Dear Jean Schmidt,
Hoo boy! Heard about your big dust-up Friday.
You are, as many news stories yesterday noted, a Republican who is the most junior member of the House. That's because you won a special election in the summer in the Ohio 2nd Congressional District (defeating an Iraq war veteran no less).
You are such a newbie that, according to the Washington Post, some of your colleagues don't even know your name. How exciting it must have been to witness your party's attempt to one-up the Democrats! The GOP figured, what better way to let Dems hang themselves than by forcing a vote on a proposal by one of their own - John Murtha, the Pennsylvania congressman (and U.S. Marine Corps vet of Korea and Vietnam) who the day before called for withdrawal of troops from Iraq.
The Dems, including Congressman Murtha, didn't fall for the trap - but oh, how such partisan gamesmanship ended in uproar! I wonder if, when you got the floor Friday around 5:20 p.m., some of your colleagues might have said to one another, "Now, who exactly is that person, again?"
Well, no one wonders now.
You rose and told the House how you'd just hung up the phone with Danny Bubp, a GOP Ohio House rep from West Union and a Marine reservist.
"He asked me to send Congress a message: Stay the course," you relayed. "He also asked me to send Congressman Murtha a message: that cowards cut and run, Marines never do."
Holy Lack of Respect and Civility! Before you could even arrange your face in some kind of self-satisfied smirk, dozens of Democrats went off like firecrackers. As the Washington Post recounted, "For a moment [Congressman] Schmidt tried to keep speaking, but the uproar continued, and several GOP colleagues surrounded her as she sat down, looking slightly dazed." At 5:31, when order was finally restored, [Ms.] Schmidt rose again and said softly, "My words were not directed at any member of the House" She asked that they be withdrawn from the record.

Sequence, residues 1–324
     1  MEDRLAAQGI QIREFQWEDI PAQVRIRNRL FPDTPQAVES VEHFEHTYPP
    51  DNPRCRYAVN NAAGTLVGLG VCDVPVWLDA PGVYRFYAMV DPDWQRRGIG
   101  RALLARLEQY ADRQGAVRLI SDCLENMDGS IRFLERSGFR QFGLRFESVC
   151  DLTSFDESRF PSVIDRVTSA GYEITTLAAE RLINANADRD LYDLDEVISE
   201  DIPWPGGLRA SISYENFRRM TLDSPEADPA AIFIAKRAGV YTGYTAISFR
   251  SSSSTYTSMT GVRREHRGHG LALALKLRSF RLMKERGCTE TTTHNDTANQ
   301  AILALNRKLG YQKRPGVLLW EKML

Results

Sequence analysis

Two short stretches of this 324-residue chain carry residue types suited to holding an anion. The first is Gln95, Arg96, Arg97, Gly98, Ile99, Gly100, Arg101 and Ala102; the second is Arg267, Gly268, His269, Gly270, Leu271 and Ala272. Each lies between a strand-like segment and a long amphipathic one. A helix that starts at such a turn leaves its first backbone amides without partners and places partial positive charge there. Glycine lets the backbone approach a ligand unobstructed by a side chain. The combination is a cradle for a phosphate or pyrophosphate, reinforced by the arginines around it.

Now, I can't claim to know a whole lot about the inner workings of the U.S. House of Representatives. But then, as a newcomer, neither can you.
Still, I'm sure you underwent orientation, and I can't help but wonder: Didn't someone tell you somewhere along the line that whenever you start a new job - any job - it pays to hold your tongue so you can watch and learn?
Ah, but for that matter, maybe you have watched and learned; maybe Friday afternoon was just a demonstration of all you've absorbed since arriving in Washington.
It's been a long time since arms reached across the aisle to shake hands at the end of the day. It's been a long time since partisanship took a back seat to civility. It's been a long time since politicians were willing to exchange ideas, not talking points. If perhaps you overdid it, violating the letter of some unwritten law governing congressional conduct, well, no one can really say you broke the spirit of that law.